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Mental health & COVID-19: 5 tips for coping

By Medisys on March 23 2020 | COVID-19 (Coronavirus)

The COVID-19 outbreak and pandemic may cause feelings of stress, anxiety and fear in anyone. Whether you’re a front-line healthcare worker, experiencing symptoms or simply practicing physical distancing, people from all walks of life are susceptible to mental health issues during this time. It’s important to remember that coping in healthy ways will help strengthen you, your loved ones and your community. Here are five tips for prioritizing mental health during this uneasy time.


1. Understand that everyone reacts differently to stressful situations like the COVID-19 pandemic.

The way in which you react to this pandemic — and the intensity of emotions you feel as a result — has a lot to do with your background, your state of mental and physical health, your life experience and your community. You don’t have to be sick or quarantined to be “allowed” to feel scared, worried or sad, so give yourself permission to experience your emotions and be conscious of coping in healthy ways.

People with preexisting mental health conditions should continue their treatment and alert their healthcare professional(s) of any changes during this time.


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2. Stay connected.

In this time of physical distancing, remember that the mandate is only to physically distance ourselves from others. Staying socially connected is more important than ever. Luckily, technology allows us to maintain regular communication with family, friends, neighbours and even community organizations.

Be sure to make time to talk with friends during phone or video calls regularly — and prioritize staying in touch with older family members, friends and neighbours who may be feeling particularly isolated. This is also the ideal time to leverage positive social media use; since you can’t get to the library, gym or community centre you love, check to see if your favourite organizations are hosting live video events or if they've set up chat groups online.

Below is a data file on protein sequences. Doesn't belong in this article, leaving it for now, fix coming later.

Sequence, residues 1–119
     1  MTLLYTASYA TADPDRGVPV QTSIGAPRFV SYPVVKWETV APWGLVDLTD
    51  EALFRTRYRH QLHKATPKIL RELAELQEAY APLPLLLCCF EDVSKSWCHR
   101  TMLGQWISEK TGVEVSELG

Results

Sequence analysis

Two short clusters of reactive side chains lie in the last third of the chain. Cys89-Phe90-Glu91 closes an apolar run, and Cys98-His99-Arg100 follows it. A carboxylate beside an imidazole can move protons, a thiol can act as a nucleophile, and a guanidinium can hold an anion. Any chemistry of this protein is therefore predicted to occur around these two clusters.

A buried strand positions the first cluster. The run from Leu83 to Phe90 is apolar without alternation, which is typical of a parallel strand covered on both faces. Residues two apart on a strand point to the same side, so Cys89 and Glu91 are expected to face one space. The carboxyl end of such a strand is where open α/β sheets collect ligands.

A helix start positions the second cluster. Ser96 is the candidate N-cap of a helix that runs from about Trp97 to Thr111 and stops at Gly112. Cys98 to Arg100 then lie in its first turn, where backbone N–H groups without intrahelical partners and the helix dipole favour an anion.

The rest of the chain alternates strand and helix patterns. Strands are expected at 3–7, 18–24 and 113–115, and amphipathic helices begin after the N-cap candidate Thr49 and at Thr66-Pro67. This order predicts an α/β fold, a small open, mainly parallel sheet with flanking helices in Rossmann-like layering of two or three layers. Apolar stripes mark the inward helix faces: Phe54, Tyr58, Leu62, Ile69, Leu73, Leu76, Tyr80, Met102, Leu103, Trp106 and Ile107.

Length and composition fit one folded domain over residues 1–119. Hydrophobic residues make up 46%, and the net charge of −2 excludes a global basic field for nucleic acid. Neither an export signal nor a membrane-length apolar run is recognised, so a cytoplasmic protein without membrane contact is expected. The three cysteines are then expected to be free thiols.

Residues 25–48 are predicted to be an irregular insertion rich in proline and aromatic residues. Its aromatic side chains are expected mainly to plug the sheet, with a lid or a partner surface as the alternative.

3. Control your news intake.

Constantly reading, listening to and/or watching the news can aggravate anxiety and fear surrounding COVID-19. It’s important to stay informed, but rather than getting ongoing updates throughout the day, dedicate a limited amount of time for research, and only visit reputable news sources like for information, including:

4. Practice mindfulness and self-care.

During times of increased stress, it’s crucial to prioritize sleep, good nutrition and self-care. While your to-do list has likely gotten longer as a result of this pandemic, it is important to set aside time — even 15 minutes — every day to do something you love, and that brings you into the present moment. Meditating, stretching, taking a bath, cooking, journaling, reading a book for pleasure, playing a board game or going for a walk are some ideas. If you’re juggling work and childcare like many Canadians, try scheduling a childcare swap with your partner so that you can each make time for self-care.


5. Seek help when you need it.

If you or someone you care about is feeling overwhelmed by anxiety, sadness or thoughts of self harm, contact 911. Virtual healthcare platforms can also provide on-demand support from medical professionals 24/7.


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